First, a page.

Mobley’s concert triumph was in the second work, by Johann Sebastian’s father’s cousin Johann Christoph Bach: Ach, das ich Wassers genug hätte (Oh, if only I had water enough in my head). The work was a showcase for countertenor Mobley, whose pure, unforced tones wept with the text. Violists Adam LaMotte and Victoria Gunn joined the ensemble for this work in which voice and upper strings communicate so directly. Mobley embellished the da capo with grace, not showing off his own considerable talents but illuminating and emphasizing the true intended master of the da capo: the text. After the final tones faded, the audience sighed – the first of two such moments in this concert.
All artists relinquished the stage to organist Jonathan Oddie for a work composed by the leading organist of the late 17th century, Dieterich Buxtehude. In 1705 J. S. Bach, age 20, took leave from his own organist position to walk from Arnstadt to Lübeck (think Portland to Grants Pass), where he developed a relationship with Buxtehude. In the Canzonetta in D Minor, BuxWV 168, one hears techniques, forms, voicing and themes that would slip into Bach’s own keyboard compositions. Oddie demonstrated these characteristics and his own keyboard skill in this intricate yet compact work. And kudos to Oddie for serving as stalwart foundation throughout the concert.
Johann Pachelbel’s relationship with Bach came from the influence Pachelbel had on J. S.’ brother–also named Johann Christoph–who studied with Pachelbel and who ended up with a collection of Pachelbel’s keyboard works. Pachelbel experimented with a variety of forms and vocal/instrumental forces, and is associated with a clear, uncluttered canon style. In the three-minute Tröste uns, Gott, Pachelbel composed for double SATB choir, with choir II as echo, and gave the upper strings a break. Farley Pearce on the bass violone grounded the lower instruments.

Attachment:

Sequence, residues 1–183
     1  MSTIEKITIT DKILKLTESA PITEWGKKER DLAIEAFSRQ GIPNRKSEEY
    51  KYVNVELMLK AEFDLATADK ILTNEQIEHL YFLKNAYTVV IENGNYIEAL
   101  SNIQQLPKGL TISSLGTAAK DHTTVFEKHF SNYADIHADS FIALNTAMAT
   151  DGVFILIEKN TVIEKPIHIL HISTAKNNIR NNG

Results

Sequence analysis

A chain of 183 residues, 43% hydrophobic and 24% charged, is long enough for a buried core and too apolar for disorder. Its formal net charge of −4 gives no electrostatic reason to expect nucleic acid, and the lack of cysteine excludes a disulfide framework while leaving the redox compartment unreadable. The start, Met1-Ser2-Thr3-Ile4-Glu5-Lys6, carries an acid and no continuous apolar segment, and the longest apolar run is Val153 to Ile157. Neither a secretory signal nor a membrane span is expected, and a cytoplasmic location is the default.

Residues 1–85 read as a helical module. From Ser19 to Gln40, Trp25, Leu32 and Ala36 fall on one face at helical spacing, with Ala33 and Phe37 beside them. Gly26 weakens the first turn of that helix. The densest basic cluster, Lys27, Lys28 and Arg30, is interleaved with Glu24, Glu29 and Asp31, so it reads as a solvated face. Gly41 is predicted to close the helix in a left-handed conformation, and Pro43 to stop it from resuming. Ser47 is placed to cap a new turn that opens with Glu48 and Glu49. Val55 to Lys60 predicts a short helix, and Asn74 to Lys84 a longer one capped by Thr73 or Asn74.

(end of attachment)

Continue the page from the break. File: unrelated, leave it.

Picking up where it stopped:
In Blessed are all who fear the Lord by Nicolaus Bruhns, student of Buxtehude, soprano Kherani got a chance to shine alongside colleagues Panthaki and Woody. The three resonant voices balanced well. The bass-baritone part took Woody through his wide vocal range, a stunning performance. Once again, theorbist Stauffer got a few moments to shine. But added fun in this work was the gloriously soaring minute-long “Amen.”
A beautiful friendship
The concert was studded with composers whose relationships with J. S. Bach helped shape his life’s work. PBO performers hone a relationship with the music–and, within that, a relationship with each other, all of which translates into a relationship with the audience.